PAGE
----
If you’ve never done nonprofit bookkeeping, you should also be flexible. Because of the differences, you may need to relearn how to track revenue and expenses.
Understand the Status
Depending on the nonprofit, you may have a slightly different tax status. You should understand your status both in your state and federally.
When it comes time to file taxes, you need to make sure you file them correctly. If your organization can’t afford an accountant, understanding your status is especially vital.
You should know what the tax designation is for your organization. Of course, there are 501(c)3 organizations.
However, there are many types of nonprofit organizations with different designations. The specific designation can determine what the IRS requires for taxes.
Unless your nonprofit is one of the special types that doesn’t have to file, you need to file taxes each year. If you don’t file, you might have to pay a fee.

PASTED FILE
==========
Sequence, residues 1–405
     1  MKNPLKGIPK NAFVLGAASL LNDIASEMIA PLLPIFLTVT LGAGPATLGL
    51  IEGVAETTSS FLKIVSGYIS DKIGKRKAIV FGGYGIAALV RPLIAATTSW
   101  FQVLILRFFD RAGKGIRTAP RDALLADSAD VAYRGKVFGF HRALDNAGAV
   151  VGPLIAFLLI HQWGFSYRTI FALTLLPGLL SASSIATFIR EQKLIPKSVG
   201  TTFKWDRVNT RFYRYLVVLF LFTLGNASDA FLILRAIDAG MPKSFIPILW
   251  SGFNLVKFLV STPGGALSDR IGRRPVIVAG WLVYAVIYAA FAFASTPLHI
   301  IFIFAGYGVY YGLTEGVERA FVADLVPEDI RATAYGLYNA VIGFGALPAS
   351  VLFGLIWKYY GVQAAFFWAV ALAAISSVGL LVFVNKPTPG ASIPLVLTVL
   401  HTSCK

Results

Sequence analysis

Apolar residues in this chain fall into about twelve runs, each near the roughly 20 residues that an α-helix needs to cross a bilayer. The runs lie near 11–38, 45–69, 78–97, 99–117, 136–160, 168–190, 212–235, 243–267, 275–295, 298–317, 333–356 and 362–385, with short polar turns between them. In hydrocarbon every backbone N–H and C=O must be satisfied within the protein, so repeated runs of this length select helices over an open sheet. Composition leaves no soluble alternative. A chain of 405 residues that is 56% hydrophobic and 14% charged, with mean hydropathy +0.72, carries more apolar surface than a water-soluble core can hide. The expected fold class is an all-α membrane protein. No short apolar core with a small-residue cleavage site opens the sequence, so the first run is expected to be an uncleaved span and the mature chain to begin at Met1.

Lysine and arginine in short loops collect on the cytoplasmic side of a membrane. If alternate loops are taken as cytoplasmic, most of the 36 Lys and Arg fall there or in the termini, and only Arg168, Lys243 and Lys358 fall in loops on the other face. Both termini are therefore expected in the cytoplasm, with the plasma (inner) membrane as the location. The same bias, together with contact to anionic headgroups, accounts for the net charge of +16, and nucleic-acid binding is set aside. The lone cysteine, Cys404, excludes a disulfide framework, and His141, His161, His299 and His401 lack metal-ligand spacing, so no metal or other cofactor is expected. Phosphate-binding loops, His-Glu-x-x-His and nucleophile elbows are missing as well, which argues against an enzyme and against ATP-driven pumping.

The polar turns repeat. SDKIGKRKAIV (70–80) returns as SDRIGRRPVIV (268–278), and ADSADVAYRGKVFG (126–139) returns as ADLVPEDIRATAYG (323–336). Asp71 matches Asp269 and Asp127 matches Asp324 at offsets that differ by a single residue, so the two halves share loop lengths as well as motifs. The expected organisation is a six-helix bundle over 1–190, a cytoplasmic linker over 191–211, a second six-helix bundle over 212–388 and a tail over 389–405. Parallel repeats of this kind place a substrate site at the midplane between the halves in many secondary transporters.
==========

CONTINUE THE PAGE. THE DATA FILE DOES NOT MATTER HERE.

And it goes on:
Go too long without filing, and the organization could lose its tax-exempt status.
By organizing forms and tracking revenue and expenses throughout the year, you can stay on top of your nonprofit bookkeeping.
It will also be easier to train a new bookkeeper on a system you already have going. If you need to hire help with bookkeeping, you can make it easier for everyone.
The creation of multiple accounting programs has helped businesses and organizations with their bookkeeping. Since many nonprofits have small budgets, it can help to find an affordable accounting program.
Hiring a professional team of bookkeepers can get expensive. While you may need one or two people, using technology to manage the books can help everyone.
Not only will it reduce costs, but it will be easier for the board of directors to access financial records.
Bookkeeping Made Easy
Whether you have bookkeeping experience or not, you should understand the basics of nonprofit bookkeeping. Many nonprofits are tax-exempt, but managing the books is still important.
If you don’t keep track of revenue and expenses, it will be much more difficult to grow the organization. You may also risk losing the nonprofit’s tax-exempt status.
You don’t have to be a financial expert to get into nonprofit bookkeeping. However, you should be willing to learn so that you can keep track of everything.
Want to learn more about nonprofit finances? Check out our recent blog posts!